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Reason why the chair can support me

  1. Jan 9, 2006 #1
    A physicist said that the reason why the chair is able to hold my weight is because of Heisenberg's Uncertainty principle. His reasoning was that when the atoms of my body are in contact with that of the chair, the electrons in the my body push against the electrons in the chair. Thereby forcing the electrons to a smaller region of space. Due to HU princple the more accurately we can determine the position of particles, the more wide ranging their momentum. Therefore when I sit on a chair, the electrons in the chair due to their high momentum push against my electrons hence providing pressure to hold me up. That is the reason why the chair is able to support me.

    I am not fully comfortable with this explanation but that is due only to my basic understanding of QM

    My inital reaction would be simply that when I sit on a chair, the electrons in my body will repel that in the chair due to the electromagnetic force. It is this repelsion that provides the reason why the chair is able to support me. The protons in my body and that of the chair are on average too far away to exert any attractive force.

    It seems that my idea and that of the physicist is completely different. Can someone offer some insight here?
     
    Last edited: Jan 9, 2006
  2. jcsd
  3. Jan 9, 2006 #2
    When you say a "physicist," what exactly do you mean? The reason the chair does support you is due to the fact that the "vacuum" field of electromagnetism generates enough virtual photons, especially in the presence of the electrons of you and the chair, so as to transfer enough momentum so as to keep you from falling into it.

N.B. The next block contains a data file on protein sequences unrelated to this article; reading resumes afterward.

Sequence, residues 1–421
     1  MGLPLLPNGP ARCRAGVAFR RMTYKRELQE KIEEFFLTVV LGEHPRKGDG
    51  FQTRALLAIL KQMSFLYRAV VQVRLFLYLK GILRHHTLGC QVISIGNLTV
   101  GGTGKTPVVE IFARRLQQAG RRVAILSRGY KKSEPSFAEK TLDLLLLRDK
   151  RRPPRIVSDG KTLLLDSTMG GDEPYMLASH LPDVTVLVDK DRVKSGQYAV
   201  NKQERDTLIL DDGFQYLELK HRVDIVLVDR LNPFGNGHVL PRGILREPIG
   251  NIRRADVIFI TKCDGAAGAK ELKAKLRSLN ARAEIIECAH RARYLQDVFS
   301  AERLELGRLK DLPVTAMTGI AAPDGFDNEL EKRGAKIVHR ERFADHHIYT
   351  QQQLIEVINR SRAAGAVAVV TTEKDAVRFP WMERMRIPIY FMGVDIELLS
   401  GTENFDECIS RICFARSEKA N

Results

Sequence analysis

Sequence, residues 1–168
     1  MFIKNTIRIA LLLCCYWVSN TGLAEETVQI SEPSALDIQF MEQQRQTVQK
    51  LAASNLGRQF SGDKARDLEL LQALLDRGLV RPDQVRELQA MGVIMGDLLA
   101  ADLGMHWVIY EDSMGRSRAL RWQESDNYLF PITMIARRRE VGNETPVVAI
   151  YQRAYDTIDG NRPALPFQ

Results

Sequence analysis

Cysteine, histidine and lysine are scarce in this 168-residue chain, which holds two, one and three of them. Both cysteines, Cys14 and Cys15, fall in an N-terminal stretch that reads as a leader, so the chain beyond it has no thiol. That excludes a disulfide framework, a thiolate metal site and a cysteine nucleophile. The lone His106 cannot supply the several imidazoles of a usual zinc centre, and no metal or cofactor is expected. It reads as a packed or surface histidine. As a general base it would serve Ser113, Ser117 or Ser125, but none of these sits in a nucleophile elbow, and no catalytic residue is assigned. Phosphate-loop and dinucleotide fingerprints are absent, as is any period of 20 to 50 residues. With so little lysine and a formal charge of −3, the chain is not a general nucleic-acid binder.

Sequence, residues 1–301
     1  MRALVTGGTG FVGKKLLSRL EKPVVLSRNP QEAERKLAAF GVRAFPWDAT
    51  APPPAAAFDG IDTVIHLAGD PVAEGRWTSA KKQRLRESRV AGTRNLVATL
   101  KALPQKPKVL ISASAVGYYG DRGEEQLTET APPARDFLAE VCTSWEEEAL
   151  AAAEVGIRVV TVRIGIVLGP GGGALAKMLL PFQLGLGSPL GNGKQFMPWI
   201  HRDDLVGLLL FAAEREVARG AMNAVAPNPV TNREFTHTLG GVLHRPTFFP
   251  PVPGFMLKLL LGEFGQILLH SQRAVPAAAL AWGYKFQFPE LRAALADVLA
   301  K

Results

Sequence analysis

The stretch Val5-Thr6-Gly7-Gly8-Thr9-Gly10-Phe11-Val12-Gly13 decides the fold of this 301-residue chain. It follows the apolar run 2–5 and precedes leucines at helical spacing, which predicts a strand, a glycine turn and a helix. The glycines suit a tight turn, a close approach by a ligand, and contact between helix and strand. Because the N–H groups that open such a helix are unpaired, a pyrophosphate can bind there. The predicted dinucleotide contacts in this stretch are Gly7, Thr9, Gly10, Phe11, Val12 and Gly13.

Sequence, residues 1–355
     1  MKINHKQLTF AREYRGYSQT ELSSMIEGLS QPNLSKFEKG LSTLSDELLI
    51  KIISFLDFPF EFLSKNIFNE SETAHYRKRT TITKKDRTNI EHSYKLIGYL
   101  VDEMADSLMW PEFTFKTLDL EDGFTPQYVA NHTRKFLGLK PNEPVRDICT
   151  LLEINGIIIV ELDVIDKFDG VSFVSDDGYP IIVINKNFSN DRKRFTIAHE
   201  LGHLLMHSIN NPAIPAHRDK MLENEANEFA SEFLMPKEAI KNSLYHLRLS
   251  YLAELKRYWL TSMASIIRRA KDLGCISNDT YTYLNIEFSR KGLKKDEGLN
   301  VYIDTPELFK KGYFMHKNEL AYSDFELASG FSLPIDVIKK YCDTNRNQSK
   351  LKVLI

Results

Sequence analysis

4. Jan 9, 2006 #3
    A professional physicist and a good one because he was interviewed (that is where I got the infomation from) in a software about physics that contained two physics nobel prizewinners. The CD was called 'The mystery of the universe' or something like that.
     
  5. Jan 9, 2006 #4

    LURCH

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    I do not think it is true that your idea is "completely different" from that of the physicist you have quoted. It is indeed the repulsion of like charges between the electrons in your butt and those in your chair that hold you up. But that is only the direct cause. The next obvious question is, "then why don't my electronics simply push the chair's electrons out of their way, and keep going?". The fellow on the CD was answering that question.
     
  6. Jan 9, 2006 #5

    Galileo

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    There's another purely quantum mechanical effect which looks very different from the above two, and this comes from Pauli's exclusion principle. I believe it's called 'degeneracy pressure' and is unrelated to electric repulsion and thermal motion.
     
  7. Jan 9, 2006 #6

    Gokul43201

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    Either you are misquoting the "physicist" or he's not really one. Does he have a name ?
     
  8. Jan 9, 2006 #7
    This is all backwards. You don't say "what reason does physics give that the chair can support me?" Physics doesn't make the rules, the rules are already there. You've already proven many times that chairs usually support you.

    The real question is, "What predictive system can I suppose that describes why the chair supports me." The answer will be unlike anything listed here, since describing macro-scale obviously classical phenomena with quantum mechanics is a dismal waste of time.

    What you might be really asking is how you can get from quantum mechanical systems to classical ones. The answer is, as I pointed out in another thread, that you really can't, or at least not in a complete way. You can make some general statements, but they are just assertions, and can't be proven.
     
  9. Jan 11, 2006 #8
    The physicist's name is Jean Dalibard. The software's name is called 'Secrets of the Universe'.

    So you don't like the HU principle as an explantion for the reason why people don't fall through a chair?
     
  10. Jan 11, 2006 #9
    What I said which was "what reason does physics give that the chair can support me?" and what you say "What predictive system can I suppose that describes why the chair supports me." are to me, the same thing. Physics does not give laws to nature but merely tries to find them which I have assumed all along. But because of their close connection I might sound as if physics actually determines the law of nature. So you have stated my thoughts in a clearer way.

    The quantum and classical do not mix but what I was assuming was coming up with what microscopic things tend to behave on average. And it is this averge state that dictates or contributes to the macroscopic level. I read this from Erwin's Schrodinger's "What is life?"